Songs are the raw material of text messages
the crude oil of fancy voice notes
in the world according to affection, we are all plagiarists (p 56).

He affirms this humorous assertion on poetic plagiarism when he says, ‘You are my flagellation / I stole those words from Ofeimun’ (p 56).

He continues with the romantic tone:

I have started the poem, baby.
You are the sum total of the virtue I cannot afford.
You are my screen saver.
My madam-at-the-top.
My cocoyam.

You put a smile on my face when I sleep.
You are my flagellation.

I have started the poem, baby.
It is you & I,
Holding hands,
Strolling into the sunset (p 57)

The analogical composition of romance in the view of a woman’s body engenders the last poetic delicacy of Dami Ajayi’s A Woman’s Body Is a Country. The title poem of the collection is an allegorical composition to the lyrical song ‘Chan Chan’, composed in 1984 by Compay Segundo. ‘It’s a love song about Chan Chan and Juanica / a man and his woman / building a house’ (p 68). The poet, with a quasi-erotic undertone, describes the romantic mood between these two lovers in the context of love and sex. The shaking of Juanica’s body is a clarion call for the erection of her man’s penis. To the poet, the duty of the patriotic man, due to his woman’s sexual magnetism, is to safeguard and provide a bounty of joy and pleasure for his woman:

But this too is patriotism,
the loyal swelling of a man’s body.
Because a woman’s body is a country (p 69)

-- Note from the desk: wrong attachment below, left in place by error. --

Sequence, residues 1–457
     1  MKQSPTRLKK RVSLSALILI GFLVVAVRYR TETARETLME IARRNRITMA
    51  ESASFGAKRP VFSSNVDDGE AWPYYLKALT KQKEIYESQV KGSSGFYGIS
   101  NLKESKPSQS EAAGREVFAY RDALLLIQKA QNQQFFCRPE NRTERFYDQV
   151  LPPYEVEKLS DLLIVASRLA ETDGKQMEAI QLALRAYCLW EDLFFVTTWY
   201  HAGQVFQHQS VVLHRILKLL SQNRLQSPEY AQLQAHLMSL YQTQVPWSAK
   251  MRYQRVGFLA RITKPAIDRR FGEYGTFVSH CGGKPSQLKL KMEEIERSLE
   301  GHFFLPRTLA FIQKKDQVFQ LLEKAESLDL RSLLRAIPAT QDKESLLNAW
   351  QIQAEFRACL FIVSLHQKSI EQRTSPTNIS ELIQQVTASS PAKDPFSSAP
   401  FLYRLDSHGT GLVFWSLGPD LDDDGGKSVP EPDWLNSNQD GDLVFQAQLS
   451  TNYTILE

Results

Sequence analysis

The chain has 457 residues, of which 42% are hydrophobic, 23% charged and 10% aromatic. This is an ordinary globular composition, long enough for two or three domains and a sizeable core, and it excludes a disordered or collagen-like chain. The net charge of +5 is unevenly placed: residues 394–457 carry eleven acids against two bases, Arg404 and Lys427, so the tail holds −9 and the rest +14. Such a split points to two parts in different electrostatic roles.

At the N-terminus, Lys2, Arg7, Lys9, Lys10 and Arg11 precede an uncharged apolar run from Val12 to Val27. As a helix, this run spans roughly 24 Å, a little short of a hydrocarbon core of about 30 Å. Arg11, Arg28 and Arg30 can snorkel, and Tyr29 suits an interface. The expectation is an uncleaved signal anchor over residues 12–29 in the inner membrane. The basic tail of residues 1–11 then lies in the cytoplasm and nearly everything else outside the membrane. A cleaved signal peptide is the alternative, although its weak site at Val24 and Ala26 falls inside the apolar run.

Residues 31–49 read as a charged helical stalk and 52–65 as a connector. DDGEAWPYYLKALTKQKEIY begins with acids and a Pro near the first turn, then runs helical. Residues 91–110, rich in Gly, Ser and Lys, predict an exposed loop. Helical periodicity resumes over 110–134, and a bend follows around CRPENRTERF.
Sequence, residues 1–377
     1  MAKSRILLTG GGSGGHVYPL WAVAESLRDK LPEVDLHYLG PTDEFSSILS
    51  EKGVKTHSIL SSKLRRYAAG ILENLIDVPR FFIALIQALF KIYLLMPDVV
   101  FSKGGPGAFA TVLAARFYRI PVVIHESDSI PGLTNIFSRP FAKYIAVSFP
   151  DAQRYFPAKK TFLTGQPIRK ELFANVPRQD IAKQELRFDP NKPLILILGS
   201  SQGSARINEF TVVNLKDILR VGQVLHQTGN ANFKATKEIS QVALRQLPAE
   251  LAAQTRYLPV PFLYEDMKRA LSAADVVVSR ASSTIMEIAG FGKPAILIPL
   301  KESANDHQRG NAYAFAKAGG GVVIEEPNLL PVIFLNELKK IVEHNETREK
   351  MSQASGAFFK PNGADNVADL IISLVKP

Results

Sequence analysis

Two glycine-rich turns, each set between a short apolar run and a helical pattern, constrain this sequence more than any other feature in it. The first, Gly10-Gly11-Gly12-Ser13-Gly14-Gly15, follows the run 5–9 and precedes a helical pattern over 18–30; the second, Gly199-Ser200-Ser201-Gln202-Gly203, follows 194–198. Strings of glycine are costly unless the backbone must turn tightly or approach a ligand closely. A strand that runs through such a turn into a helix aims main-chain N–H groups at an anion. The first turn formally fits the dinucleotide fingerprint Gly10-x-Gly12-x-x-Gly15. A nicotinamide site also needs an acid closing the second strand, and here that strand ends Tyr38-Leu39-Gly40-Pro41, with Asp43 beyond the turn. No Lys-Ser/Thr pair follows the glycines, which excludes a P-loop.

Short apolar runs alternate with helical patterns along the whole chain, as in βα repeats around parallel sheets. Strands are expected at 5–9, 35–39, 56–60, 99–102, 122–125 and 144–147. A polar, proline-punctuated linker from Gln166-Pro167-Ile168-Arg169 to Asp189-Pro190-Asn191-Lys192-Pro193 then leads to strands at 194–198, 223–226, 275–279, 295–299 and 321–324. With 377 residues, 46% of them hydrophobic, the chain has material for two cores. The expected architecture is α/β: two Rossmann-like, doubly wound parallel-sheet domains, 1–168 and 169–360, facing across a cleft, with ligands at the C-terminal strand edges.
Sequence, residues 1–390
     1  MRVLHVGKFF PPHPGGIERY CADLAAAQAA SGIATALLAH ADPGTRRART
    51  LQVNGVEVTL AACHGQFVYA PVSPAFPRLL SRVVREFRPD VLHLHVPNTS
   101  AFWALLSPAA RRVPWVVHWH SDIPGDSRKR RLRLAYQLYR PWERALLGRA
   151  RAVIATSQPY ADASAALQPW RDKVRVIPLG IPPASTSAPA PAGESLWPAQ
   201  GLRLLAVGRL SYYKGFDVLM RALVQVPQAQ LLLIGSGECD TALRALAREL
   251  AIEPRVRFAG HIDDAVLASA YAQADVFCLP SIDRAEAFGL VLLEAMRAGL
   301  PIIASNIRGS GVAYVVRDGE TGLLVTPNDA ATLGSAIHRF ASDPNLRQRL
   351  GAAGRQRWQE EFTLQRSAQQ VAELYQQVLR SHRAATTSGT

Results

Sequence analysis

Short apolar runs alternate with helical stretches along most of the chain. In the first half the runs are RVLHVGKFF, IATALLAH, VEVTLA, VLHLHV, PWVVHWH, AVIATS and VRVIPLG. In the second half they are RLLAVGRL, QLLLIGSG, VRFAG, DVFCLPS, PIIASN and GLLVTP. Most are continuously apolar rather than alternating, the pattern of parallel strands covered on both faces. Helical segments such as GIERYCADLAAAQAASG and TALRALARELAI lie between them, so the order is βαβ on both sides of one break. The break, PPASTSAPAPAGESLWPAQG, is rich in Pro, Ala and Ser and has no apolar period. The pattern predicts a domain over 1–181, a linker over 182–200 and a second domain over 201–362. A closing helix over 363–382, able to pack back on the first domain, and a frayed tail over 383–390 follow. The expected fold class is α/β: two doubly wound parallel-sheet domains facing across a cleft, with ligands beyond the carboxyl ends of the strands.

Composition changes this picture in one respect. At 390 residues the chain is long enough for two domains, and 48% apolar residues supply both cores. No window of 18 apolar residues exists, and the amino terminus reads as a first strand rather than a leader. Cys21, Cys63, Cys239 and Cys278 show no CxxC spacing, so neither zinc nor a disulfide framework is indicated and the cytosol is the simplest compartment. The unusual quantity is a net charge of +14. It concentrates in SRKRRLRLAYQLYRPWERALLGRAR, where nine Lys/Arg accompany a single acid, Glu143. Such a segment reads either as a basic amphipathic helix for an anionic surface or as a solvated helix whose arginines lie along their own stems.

‘Ode to an Untimely Obituary’ is a requiem for a man mourning the demise of his loving woman. The verse commences with a rhetorical question that spurs the reader to sympathise with the man’s grief: ‘& how do you console a man / when death snatches his woman / from his arm’ (p 10)? The second stanza of the poem advances the reader’s emotional devastation through imageries of the deceased woman and her significance in the life of the man:

No waist beads to say prayers with
no lanugo hair to trap conjugal heat
no kerosene−see the lantern’s dying wick
the room is still as if nothing left” (p 10).

Ajayi’s emphasis on the vanity of life is unveiled in the last two stanzas of the poem where he compares life to dust and a dying bulb:

Life goes on like dying is a bulb
but when you switch it on,
the room is empty & gloomy
& her portrait gathers dust.

Life is everything and dust (p 11)

In ‘On Chibok’, Ajayi captures the confusion of Nigerian political leaders as they wave flags of indifference, denial, amnesty and deliberations in the face of death and carnage. The peaceful serenity of Nigeria sinks in social and political quagmires. Using the Chibok girls as a case study, Ajayi foregrounds the abduction of schoolgirls and how the insurgent leader, Shekau, kills in the name of God:

Shekau is singing
I’ve got girls, girls, girls, girls
on CNN with pointed rifles
& trusty aides
He kills in the name
of an anonymous, blameless God (p 36).

In the ninth stanza of the poem, using a Marxist revolutionary undertone, Ajayi wonders at a peaceful revolution to bring back the abducted girls: ‘Who says hashtags can’t fan revolutions? / Catch a fire, my friend’ (p 37).

With romantic, erotic and somewhat baleful tonalities taken into account, Dami Ajayi’s A Woman’s Body Is a Country reenacts the imaginative voyage of both the writer and the reader through the passionate realms of love and death on the cusp of social change. The only avoidable weakness of the poet is his failure to divide the 47 poems into sections in order to sustain thematic continuity within distinct sections and without missing any valuable and cogent point. A Woman’s Body Is a Country divulges Ajayi’s investment of thoughts, and the interpretation of his musings is aimed at mesmerising and triggering emotions, thereby educating the reader, consciously or unknowingly, on the subjects of affection and demise.